Nobel Prize-winning economist Paul Krugman continues to be wrong about Bitcoin.
This is revealed in an analysis by Kyle Torpey recently published in reason, which reveals that most of what Krugman has said about Bitcoin over the years has been misleading, inaccurate or completely wrong.
Krugman is also famous for another colossal mistake. In 1998 he claimed that the impact of the internet on the economy would be no greater than that of the fax machine.
It should be remembered that it is not at all common to have the ability to foresee how the future will evolve, and in particular how new innovations will change the world, and Krugman probably does not have this ability.
Paul Krugman’s mistakes on Bitcoin
He made his first misinterpretation of Bitcoin back in 2011, when he assumed that any new bitcoin-based monetary standard would be vulnerable to money hoarding, deflation and depression. Today it is quite clear that such a standard not only does not exist, but cannot exist at all, because bitcoin has clearly demonstrated instead that it can coexist smoothly within the current standard, without competing with inflationary fiat currencies.
The second mistake he made was in 2013, when he claimed that the creation of bitcoin requires the waste of real resources. In reality, ‘creating bitcoin’ could theoretically require even a ridiculous amount of electricity, as was the case for example in 2009 when a couple of ordinary computers around the world were enough to mine bitcoin.
Of course, bitcoin’s energy consumption has increased a lot over time, but not because it is necessary. It is merely the result of an arbitrary decision by the miners, who could also be induced to consume less without causing any real problems to Bitcoin itself. Moreover, since Krugman in 2013 referred generically to a “virtual currency”, there are nowadays several cryptocurrencies with negligible energy consumption.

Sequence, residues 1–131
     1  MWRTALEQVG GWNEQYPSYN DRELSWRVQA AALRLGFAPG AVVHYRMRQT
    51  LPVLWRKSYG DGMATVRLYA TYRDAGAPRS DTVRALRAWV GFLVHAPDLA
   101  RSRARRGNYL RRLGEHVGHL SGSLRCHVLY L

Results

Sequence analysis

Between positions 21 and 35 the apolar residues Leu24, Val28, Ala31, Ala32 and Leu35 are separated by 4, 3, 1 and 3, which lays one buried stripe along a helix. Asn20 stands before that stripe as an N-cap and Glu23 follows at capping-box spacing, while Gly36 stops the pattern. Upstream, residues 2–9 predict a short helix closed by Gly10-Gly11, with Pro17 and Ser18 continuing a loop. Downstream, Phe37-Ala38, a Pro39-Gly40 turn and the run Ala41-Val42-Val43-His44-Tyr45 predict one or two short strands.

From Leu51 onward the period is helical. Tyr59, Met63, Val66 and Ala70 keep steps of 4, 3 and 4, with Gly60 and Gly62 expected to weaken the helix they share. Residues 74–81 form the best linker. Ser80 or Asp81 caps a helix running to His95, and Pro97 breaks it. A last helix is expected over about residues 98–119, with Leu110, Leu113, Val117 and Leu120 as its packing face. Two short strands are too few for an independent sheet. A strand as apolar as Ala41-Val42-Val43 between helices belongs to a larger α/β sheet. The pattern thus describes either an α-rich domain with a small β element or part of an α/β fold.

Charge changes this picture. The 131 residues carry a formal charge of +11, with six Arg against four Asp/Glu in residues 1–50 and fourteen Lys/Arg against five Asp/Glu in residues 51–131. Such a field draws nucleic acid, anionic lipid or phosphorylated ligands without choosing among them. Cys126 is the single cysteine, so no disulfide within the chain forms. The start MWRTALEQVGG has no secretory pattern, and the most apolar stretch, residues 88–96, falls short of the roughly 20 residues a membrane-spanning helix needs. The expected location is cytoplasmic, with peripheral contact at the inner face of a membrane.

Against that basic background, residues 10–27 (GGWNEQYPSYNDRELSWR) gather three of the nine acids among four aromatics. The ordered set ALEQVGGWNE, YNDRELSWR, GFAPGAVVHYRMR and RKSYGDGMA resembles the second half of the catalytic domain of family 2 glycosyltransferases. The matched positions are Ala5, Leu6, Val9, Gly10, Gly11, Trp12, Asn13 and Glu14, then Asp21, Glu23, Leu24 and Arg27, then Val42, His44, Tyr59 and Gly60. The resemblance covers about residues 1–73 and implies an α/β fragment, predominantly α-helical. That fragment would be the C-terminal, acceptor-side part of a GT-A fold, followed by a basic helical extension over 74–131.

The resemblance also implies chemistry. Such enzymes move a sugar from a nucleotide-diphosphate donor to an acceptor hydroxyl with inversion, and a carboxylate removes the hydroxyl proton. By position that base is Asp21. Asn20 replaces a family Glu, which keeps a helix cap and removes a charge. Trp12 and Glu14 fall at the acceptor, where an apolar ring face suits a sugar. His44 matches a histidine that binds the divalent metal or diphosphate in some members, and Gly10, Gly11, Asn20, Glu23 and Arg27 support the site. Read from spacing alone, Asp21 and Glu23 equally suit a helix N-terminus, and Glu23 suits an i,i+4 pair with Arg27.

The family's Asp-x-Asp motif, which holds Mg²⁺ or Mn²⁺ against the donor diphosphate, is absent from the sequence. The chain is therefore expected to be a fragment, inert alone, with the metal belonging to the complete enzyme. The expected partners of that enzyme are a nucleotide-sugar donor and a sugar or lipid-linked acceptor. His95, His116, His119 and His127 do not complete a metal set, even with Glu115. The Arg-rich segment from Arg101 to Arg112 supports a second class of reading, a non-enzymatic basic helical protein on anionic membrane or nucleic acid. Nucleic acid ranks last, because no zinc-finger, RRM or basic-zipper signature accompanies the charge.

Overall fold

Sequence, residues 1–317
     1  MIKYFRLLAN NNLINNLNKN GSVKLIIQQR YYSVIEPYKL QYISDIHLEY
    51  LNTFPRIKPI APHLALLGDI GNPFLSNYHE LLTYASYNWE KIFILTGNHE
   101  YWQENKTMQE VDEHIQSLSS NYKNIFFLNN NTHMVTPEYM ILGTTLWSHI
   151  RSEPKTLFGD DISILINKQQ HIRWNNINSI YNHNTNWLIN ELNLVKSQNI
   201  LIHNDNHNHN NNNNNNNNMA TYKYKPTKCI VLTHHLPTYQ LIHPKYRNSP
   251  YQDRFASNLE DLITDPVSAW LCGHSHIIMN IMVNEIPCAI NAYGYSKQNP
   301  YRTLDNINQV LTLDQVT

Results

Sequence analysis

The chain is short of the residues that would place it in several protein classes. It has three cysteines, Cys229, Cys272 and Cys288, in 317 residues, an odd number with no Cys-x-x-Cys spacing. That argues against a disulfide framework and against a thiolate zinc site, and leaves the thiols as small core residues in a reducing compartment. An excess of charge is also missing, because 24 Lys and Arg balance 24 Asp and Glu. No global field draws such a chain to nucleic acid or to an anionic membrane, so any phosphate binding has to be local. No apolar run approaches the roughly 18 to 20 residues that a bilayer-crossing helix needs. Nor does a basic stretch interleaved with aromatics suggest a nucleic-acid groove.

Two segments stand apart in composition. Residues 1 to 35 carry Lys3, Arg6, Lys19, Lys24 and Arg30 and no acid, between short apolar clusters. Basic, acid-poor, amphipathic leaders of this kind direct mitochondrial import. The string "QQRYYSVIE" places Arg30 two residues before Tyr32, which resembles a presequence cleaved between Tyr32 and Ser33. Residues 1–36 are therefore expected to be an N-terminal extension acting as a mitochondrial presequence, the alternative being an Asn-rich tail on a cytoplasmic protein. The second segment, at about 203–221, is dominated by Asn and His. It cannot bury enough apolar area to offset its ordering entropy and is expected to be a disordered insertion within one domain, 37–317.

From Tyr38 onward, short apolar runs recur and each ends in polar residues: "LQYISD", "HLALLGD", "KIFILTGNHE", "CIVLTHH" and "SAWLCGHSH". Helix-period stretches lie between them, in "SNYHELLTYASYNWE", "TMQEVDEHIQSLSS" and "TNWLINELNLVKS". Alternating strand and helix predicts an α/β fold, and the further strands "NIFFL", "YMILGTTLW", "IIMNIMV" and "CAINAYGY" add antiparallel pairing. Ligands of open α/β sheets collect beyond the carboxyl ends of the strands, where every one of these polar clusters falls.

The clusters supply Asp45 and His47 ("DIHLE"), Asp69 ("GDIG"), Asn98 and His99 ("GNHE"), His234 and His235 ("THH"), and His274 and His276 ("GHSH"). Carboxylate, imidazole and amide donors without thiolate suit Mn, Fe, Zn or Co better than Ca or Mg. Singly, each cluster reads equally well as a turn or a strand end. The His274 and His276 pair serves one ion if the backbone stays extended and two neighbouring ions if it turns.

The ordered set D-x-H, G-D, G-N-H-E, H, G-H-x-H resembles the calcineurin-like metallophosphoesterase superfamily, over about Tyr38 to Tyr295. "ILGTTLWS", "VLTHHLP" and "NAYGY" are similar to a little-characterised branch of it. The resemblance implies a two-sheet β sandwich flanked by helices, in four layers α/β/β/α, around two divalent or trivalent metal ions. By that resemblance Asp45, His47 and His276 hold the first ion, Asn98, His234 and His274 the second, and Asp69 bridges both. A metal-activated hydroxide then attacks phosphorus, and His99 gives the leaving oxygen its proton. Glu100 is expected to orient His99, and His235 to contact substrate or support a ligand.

In 2013, he made other decidedly disputable claims. For example, Bitcoin seemed to have been designed as a weapon intended to harm central banks and money-issuing banks, and to damage the ability of states to collect taxes. Now, eight years on, we can safely say that none of this has turned out to be true.
In 2015 he claimed that the problem Bitcoin was trying to solve was not of great economic importance. By now, however, it is clear that for many holders of savings in highly inflationary fiat currencies, such as the Venezuelan Bolivar, the problem is in fact of huge economic importance. Moreover, the problem of inflation is also becoming relevant again in the US.
Krugman probably has a strong ideological bias against Bitcoin because of its libertarian nature. Indeed, the economist is a well-known supporter of social democratic policies, so much so that he explicitly supported Democratic candidate Hillary Clinton in the 2016 US presidential race.
To be fair, over the years he has always been in favour of the free market, but he is also a well-known Keynesian who evidently prefers a strong role for the state in some areas.
Finally, it should be remembered that he is rather famous for his often critical and contrary views, so much so that he did not even support the Democratic administration of President Obama.